Today, there is a lot of focus on lowering your “bad” LDL cholesterol (low-density lipoprotein) levels. With all the emphasis on lowering your LDL cholesterol, it’s easy to forget that you also need to pay attention to your “good” HDL cholesterol (high-density lipoprotein) and ensure that it isn’t too low.
Why should you care about your HDL cholesterol levels? Good question! Imagine that your HDL cholesterol is the maid going through your arteries sweeping up the bad LDL cholesterol. It then takes the “trash” out and disposes of it in your liver. The more HDL cholesterol you have, the better off you are since it serves to keep the LDL cholesterol under control. If you don’t have enough HDL cholesterol, then your LDL cholesterol may well be too high.
Most of us are familiar with statin drugs for lowering LDL cholesterol, but, what do you do if you need more of the good stuff – the HDL cholesterol? Enter Niacin! Niacin (nicotinic acid) isn’t a drug – it’s a B3 vitamin. Found in most multi-vitamins, Niacin benefits your body in numerous ways. It helps your body turn carbohydrates into fuel. It’s also known to promote a healthy nervous and digestive system and to be beneficial to your skin, hair and eyes. Some studies indicated that Niacin can raise your HDL cholesterol between 15 and 35 percent. When used in conjunction with a statin drug, it’s been known to increase your HDL cholesterol by as much as 50 percent. In addition, it also lowers your LDL cholesterol and triglycerides (which also helps to lower your risk of heart disease). The HATS trial found that when added to a statin, Niacin reduced the risk of heart disease by 90%!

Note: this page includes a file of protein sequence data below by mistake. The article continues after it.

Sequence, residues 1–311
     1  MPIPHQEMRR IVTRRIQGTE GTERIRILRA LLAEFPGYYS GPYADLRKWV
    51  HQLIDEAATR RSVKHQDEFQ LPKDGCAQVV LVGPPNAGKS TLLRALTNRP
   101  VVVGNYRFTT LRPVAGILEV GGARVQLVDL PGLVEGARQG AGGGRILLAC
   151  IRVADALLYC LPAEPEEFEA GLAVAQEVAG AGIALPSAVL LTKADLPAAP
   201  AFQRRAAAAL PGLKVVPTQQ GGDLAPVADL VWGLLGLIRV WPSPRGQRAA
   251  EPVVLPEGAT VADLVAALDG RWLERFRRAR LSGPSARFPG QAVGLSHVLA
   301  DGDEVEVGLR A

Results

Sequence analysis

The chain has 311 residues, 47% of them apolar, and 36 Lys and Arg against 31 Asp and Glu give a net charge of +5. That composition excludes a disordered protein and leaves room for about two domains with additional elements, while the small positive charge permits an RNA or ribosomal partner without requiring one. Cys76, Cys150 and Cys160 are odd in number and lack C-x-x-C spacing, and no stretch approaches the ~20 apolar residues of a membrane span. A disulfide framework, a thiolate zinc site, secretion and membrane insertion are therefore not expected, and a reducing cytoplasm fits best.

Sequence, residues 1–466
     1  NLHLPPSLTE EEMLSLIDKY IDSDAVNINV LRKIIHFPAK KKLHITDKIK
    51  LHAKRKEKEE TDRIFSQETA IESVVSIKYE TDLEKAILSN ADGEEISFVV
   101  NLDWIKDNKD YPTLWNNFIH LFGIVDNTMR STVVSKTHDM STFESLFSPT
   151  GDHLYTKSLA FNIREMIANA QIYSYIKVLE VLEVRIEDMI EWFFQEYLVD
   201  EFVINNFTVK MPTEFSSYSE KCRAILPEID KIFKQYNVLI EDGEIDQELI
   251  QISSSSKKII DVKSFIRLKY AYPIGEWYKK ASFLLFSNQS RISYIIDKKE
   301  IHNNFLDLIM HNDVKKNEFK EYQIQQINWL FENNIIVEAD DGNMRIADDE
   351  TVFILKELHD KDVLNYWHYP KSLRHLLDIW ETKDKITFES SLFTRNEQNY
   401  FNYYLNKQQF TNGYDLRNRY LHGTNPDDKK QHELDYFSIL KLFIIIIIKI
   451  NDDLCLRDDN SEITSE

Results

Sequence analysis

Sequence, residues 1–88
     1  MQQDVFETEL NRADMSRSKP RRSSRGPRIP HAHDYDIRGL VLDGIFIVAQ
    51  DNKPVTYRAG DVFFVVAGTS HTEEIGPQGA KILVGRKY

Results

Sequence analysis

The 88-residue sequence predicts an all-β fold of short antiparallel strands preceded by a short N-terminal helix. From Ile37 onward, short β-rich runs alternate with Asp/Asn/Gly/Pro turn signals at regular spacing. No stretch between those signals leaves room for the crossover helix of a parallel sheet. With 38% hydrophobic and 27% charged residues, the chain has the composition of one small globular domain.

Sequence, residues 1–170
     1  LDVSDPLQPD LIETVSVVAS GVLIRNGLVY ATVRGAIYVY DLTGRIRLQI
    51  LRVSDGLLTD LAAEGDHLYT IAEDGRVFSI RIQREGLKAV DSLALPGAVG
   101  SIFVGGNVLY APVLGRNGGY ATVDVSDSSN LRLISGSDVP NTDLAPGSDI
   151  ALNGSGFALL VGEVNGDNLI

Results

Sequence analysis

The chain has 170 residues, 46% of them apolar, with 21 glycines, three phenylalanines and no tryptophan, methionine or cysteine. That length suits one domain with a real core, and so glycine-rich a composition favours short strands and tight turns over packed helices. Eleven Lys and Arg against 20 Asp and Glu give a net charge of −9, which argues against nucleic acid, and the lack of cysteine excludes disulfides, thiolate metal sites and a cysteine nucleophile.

Niacin is available in many forms – as a part of a multi-vitamin, a nutritional supplement (generally labeled simply “niacin”), and in prescription form (Niaspan, Niacor, Slo-Niacin). Generally, a prescription form is going to be in a higher dosage than is found in over-the-counter versions of Niacin. Niacin is also found in many different types of food, including, dairy, lean meat, fish, eggs, nuts, poultry and enriched bread/cereals.